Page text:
On June 26, 2013 the United States Supreme Court held the Defense of Marriage Act (DOMA), which denied recognition of same-sex marriages in all federal statutes, "unconstitutional as a deprivation of the liberty of the person protected by the Fifth Amendment of the Constitution." United States v. Windsor, No. 12-307, 2013 U.S. LEXIS 4921, * 47 (June 26, 2013).
DOMA potentially affected the application of 1,138 federal statutory provisions in the United States Code in which marital status is a factor (http://www.gao.gov/new.items/d04353r.pdf). The holding marked a substantial change in attitude in the Supreme Court regarding same-sex marriages. Prior to Windsor, there was binding Supreme Court precedent which held that a state ban on same-sex marriage did not violate the United States Constitution. See Baker v. Nelson, 409 U.S. 810 (1972) (determining that a Minnesota law prohibiting same-sex marriage did not violate the federal Constitution). The applicable Minnesota statute had, like DOMA, defined marriage as a union of persons of the opposite sex, and the state supreme court had upheld the statute. See Baker v. Nelson, 291 Minn. 310 (1971). On appeal, the Supreme Court dismissed summarily "for want of a substantial federal question." Baker, 409 U.S. 810. Unlike a denial of certiorari, such a dismissal represented a decision on the merits that the Constitutional challenge presented was insubstantial and was binding on lower courts. See Hicks v. Miranda, 422 U.S. 332, 344 (1975). A decade before Windsor, interpreted by some as a precursor, the Supreme Court declared a state law ban on sodomy unconstitutional as violating the Fifth Amendment. See Lawrence v. Texas, 539 U.S. 558 (2003).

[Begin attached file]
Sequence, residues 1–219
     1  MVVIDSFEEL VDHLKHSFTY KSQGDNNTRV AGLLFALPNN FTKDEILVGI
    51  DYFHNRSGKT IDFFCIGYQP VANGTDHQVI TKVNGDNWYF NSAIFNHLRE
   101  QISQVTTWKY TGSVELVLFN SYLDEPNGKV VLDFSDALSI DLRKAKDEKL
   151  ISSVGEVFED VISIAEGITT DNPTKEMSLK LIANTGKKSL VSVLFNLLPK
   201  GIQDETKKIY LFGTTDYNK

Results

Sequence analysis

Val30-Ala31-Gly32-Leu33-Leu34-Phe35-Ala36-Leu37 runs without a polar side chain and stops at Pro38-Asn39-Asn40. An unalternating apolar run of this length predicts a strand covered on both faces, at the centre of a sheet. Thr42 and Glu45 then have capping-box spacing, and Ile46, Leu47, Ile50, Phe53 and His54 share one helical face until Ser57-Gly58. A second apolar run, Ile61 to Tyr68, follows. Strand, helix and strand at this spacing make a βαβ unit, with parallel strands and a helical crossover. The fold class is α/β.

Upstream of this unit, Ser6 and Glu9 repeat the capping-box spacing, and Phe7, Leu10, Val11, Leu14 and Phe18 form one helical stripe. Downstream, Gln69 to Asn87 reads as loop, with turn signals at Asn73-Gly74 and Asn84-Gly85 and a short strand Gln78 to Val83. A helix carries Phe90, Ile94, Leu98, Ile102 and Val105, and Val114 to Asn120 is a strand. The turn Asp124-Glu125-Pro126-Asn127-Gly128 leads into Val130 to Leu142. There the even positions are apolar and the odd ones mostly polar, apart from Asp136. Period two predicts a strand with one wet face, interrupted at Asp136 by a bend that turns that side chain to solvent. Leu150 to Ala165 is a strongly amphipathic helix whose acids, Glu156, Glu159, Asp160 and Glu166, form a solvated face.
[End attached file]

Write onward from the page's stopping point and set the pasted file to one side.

If you have any questions regarding family law issues please call Calvo & Calvo Attorneys at Law today to speak with one of our Fort Myers family law attorneys.